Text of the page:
Since the New-York Historical Society’s founding in 1804, the museum has collected materials in response to current events. The founders, who had experienced the American Revolution firsthand, believed that citizens needed to actively preserve the artifacts of their own historical moment. The historical society is continuing that sentiment today with its efforts to save objects related to the COVID-19 pandemic.
The New-York Historical Society is calling for donations that relate to all aspects of the COVID-19 pandemic as a part of its History Responds initiative. Three divisions of the historical society are seeking different kinds of objects. The Patricia D. Klingenstein Library is collecting paper ephemera including handbills, signs, applications forms, and more. The Museum Division seeks objects and images, as well as their related stories. Objects may range from medical supplies and household items that reflect quarantine to public art projects. The historical society’s education department is asking for young people to submit diary entries about their experiences under quarantine.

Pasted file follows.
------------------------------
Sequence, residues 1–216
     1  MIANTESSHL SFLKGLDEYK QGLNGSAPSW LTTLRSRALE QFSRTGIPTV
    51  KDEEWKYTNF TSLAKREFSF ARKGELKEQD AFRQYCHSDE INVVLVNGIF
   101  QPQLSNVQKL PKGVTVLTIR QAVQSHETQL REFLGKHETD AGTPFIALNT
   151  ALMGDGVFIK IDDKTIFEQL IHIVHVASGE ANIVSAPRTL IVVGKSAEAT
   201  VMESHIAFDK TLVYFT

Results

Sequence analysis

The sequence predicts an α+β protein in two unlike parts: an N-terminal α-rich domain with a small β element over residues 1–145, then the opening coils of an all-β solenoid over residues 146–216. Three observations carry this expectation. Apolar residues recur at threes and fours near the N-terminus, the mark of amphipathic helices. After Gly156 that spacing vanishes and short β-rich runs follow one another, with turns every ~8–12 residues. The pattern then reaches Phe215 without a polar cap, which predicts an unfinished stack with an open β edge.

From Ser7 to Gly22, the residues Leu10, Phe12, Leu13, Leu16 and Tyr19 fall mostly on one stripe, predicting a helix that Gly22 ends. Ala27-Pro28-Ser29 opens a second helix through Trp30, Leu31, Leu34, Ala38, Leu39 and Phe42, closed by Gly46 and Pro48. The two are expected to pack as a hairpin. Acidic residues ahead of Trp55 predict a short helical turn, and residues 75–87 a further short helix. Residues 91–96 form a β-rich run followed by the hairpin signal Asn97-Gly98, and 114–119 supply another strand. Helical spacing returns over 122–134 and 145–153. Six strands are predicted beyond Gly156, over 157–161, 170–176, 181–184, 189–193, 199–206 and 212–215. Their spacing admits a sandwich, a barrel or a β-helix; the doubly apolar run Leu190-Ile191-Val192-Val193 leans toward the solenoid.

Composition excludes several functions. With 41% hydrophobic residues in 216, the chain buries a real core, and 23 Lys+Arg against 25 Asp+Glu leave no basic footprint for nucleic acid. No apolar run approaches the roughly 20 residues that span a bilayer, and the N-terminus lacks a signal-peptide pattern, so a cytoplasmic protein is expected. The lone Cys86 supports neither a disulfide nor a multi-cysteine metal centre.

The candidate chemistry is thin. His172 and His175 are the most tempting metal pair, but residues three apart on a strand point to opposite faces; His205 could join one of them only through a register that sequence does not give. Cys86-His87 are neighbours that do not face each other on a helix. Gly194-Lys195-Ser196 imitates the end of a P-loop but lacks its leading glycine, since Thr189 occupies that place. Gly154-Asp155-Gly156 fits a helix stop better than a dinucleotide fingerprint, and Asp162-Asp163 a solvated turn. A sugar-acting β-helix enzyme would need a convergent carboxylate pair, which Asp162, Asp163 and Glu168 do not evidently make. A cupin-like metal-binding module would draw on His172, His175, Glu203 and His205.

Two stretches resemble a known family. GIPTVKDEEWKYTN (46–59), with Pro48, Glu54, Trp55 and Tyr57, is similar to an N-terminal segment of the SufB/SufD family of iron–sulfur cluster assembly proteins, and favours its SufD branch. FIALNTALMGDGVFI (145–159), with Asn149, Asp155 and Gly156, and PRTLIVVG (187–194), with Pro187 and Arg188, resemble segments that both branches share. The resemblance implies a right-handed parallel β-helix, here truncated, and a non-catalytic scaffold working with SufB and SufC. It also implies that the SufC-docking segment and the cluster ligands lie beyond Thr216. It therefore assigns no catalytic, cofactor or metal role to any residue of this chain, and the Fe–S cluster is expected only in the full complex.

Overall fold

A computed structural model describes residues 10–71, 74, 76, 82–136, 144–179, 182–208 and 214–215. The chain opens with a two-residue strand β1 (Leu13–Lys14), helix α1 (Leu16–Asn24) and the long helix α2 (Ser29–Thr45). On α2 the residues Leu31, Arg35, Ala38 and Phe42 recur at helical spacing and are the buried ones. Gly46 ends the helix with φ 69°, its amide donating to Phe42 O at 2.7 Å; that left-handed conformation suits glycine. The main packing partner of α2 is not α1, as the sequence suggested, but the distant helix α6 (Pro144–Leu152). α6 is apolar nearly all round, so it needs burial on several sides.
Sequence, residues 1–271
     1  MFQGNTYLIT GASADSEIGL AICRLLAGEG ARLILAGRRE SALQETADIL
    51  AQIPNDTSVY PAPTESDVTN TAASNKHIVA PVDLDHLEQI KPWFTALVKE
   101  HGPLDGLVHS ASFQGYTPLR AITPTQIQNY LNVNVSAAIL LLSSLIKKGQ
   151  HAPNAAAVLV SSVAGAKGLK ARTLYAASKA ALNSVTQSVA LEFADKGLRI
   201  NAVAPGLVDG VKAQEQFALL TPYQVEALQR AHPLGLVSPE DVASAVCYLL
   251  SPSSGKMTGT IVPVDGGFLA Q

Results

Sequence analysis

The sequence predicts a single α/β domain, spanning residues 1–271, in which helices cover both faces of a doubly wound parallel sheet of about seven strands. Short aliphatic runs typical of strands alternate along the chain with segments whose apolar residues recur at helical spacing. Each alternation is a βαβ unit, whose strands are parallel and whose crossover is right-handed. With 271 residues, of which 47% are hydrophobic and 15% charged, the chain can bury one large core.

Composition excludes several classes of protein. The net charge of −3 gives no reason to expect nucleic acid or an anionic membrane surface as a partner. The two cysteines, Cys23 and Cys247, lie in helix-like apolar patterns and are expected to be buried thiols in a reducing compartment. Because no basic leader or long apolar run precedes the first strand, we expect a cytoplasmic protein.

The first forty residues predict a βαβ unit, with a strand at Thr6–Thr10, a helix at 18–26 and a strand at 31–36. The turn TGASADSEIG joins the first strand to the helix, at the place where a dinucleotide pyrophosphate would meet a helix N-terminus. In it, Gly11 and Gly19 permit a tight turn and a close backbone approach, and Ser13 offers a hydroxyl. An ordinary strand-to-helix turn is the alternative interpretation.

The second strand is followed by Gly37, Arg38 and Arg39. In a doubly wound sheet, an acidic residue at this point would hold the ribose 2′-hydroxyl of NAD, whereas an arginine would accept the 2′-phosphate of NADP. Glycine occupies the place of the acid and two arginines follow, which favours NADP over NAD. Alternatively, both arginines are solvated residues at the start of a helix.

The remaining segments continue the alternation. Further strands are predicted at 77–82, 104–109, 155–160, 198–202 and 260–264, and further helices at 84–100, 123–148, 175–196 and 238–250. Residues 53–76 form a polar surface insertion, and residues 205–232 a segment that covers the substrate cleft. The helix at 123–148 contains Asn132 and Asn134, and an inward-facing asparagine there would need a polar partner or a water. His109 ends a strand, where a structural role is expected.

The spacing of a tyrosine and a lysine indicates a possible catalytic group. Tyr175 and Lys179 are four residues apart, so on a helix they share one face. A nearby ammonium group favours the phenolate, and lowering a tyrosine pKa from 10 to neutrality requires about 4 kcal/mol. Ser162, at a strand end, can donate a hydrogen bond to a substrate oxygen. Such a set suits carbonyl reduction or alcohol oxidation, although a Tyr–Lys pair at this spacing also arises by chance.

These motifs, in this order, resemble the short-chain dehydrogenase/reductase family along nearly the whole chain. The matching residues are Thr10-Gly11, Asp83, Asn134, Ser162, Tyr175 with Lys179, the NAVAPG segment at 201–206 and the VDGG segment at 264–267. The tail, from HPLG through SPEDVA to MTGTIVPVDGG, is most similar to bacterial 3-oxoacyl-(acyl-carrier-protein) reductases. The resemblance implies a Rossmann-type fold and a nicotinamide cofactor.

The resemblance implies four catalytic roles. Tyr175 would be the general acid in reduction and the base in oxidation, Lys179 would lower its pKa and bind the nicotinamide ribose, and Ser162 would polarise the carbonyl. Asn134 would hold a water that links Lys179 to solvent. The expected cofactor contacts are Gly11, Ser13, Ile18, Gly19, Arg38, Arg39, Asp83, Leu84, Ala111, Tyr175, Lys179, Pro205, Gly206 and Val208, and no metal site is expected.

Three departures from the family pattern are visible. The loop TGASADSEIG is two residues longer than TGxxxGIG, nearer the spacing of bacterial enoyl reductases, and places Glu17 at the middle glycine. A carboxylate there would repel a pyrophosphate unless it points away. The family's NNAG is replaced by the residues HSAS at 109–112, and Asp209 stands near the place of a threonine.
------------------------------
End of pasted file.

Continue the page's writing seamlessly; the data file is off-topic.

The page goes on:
Curators at the historical society have perceived the challenges of collecting during the pandemic. Social distancing measures have changed our relationship to physical objects; people are more cautious about touching things and implementing strict cleaning regimes. The pandemic has also limited the amount of pubic outreach the historical society is able to do. However, curators look forward to connecting with donors and gathering objects when it is safe to do so.
The History Responds project began in the aftermath of the 9/11 attacks. The historical society’s then-president Kenneth T. Jackson called on the staff to continue their work in the wake of the attacks. Jackson observed that “there was little time to collect the debris that was littering downtown streets—trash to some, but treasure to us.” Since then, New-York Historical Society has collected objects related to Occupy Wall Street, Black Lives Matter protests, Women’s Marches, and the Climate Strike, among others. The aim of the project is to preserve these artifacts as research sources and to use in future exhibitions.
More information about donating objects related to COVID-19 the the New-York Historical Society can be found here.